As a content creator, I write about topics related to well-being, healthy habits and empowerment. I send out a weekly happiness note every Thursday that gives readers simple mindset strategies to remember the good, feel their best and reset as needed. I’ve been creating and sending the notes out every week for almost a decade, which has required serious organization. I batch my content by creating an editorial calendar 6 months ahead. The investment of time is well worth it. Each week, when I am creating my weekly happiness note, I already know the topic and where my evergreen content lives. This makes it stress free and seamless to put together. If I didn’t batch the work ahead of time, I am certain I wouldn’t be able to deliver the notes consistently. And I haven’t missed a week in a decade. Batching works! Use it for any tasks you can group together, and make life easier in the future. 

Single-Task & Delegate

Single-tasking is exactly what it sounds like: one task at a time instead of three. And with completion comes clarity. That particular task, and its associated energy, are no longer hanging over you, adding to the pile of things to do.

If it’s tough to focus on only one thing, imagine a block of time. Set realistic expectations for what you can achieve in that amount of time, without distractions. Then turn off interruptions like emails and notifications, and set a timer. Jump in with curiosity, and see what it feels like to commit to being present and focused for that block of time. Pat yourself on the back for sticking to that one thing. Repeat as necessary.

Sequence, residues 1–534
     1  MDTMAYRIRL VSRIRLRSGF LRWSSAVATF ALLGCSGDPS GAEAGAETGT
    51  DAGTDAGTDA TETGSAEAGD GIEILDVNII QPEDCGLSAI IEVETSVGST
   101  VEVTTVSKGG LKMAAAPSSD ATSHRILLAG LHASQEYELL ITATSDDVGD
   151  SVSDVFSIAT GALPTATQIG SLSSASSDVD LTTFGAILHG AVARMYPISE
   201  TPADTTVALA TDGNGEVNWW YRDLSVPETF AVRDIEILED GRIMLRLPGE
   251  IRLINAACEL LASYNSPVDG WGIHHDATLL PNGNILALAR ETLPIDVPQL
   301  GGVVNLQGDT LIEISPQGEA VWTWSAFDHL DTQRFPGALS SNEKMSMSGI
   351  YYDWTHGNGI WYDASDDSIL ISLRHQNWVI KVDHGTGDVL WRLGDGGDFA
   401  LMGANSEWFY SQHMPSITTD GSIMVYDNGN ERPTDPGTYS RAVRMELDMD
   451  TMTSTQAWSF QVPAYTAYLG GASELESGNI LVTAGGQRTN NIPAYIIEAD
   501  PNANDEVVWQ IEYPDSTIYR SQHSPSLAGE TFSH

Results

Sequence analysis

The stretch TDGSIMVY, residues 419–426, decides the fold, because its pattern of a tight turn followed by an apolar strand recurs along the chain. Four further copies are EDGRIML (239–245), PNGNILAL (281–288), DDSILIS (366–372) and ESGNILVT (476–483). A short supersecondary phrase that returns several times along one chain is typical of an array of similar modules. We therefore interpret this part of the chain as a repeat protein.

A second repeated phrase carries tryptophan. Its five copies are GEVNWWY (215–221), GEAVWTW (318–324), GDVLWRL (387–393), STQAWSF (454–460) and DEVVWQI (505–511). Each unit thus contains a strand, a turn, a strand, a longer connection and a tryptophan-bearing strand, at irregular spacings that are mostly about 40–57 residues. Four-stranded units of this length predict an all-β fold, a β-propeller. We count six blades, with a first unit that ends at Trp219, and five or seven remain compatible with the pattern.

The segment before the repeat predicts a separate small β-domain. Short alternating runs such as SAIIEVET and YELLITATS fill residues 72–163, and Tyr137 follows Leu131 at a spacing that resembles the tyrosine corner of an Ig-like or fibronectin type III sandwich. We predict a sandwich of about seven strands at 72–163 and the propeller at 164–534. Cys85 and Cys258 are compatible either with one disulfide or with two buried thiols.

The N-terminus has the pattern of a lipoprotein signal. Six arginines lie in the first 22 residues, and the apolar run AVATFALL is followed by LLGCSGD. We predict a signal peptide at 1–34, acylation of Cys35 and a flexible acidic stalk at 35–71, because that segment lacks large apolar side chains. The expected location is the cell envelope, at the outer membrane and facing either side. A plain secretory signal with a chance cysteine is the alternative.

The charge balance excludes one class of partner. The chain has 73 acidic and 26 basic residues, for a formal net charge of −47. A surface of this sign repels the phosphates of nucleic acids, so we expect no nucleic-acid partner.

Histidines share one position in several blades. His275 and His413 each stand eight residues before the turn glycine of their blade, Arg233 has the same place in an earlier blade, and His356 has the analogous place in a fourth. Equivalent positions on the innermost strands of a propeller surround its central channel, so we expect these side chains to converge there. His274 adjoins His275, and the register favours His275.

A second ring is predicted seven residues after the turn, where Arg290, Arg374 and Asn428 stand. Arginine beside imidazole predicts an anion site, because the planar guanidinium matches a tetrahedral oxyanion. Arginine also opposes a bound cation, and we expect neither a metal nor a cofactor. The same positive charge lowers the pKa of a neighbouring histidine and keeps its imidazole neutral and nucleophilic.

Many of us have a hard time letting go of everything on our plate. Perhaps we think it’s easier to do it all ourselves, or we want things done in a particular way. But the drive to be superhuman will inevitably lead to multitasking and burnout, neither of which will get the job done. See what it feels like to delegate or ask for help. Letting go may wind up being an opportunity for learning and growth. But no matter what, it’s guaranteed to save you precious time and energy. That will lead to fulfillment. 

We spend so much of our day doing that we can detach from our sense of being. Creating new habits that allow for a quieter, more attentive approach to our to-do list gives us ample space to connect to who we are. Life is so much more than the tasks we perform, but we will enjoy them more if we lighten the cognitive load along the way. See what shifts when you let go of multitasking and make room for ease of living. My bet is you will get lots done—and enjoy the ride more.

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  • Emily Madill is an author and certified professional coach, ACC with a BA in business and psychology. Emily is one of Thrive Global's Editors-at-large and a coach at BetterUp. She has published 11 titles in the area of self-development and empowerment, both for children and adults. You can find her writing in Chicken Soup for the Soul:Think Positive for Kids; Thrive Global; The Huffington Post; TUT. com; Best Self Magazine; MindBodyGreen; The Muse;; TinyBuddha; Aspire Magazine and others. Emily has a private coaching practice and an online program offering courses that support others to create lasting habits around self-love, well-being and all things related to time and weekly planning. She lives on Vancouver Island, Canada, with her husband, two sons and their sweet rescue dog Annie. Learn more at: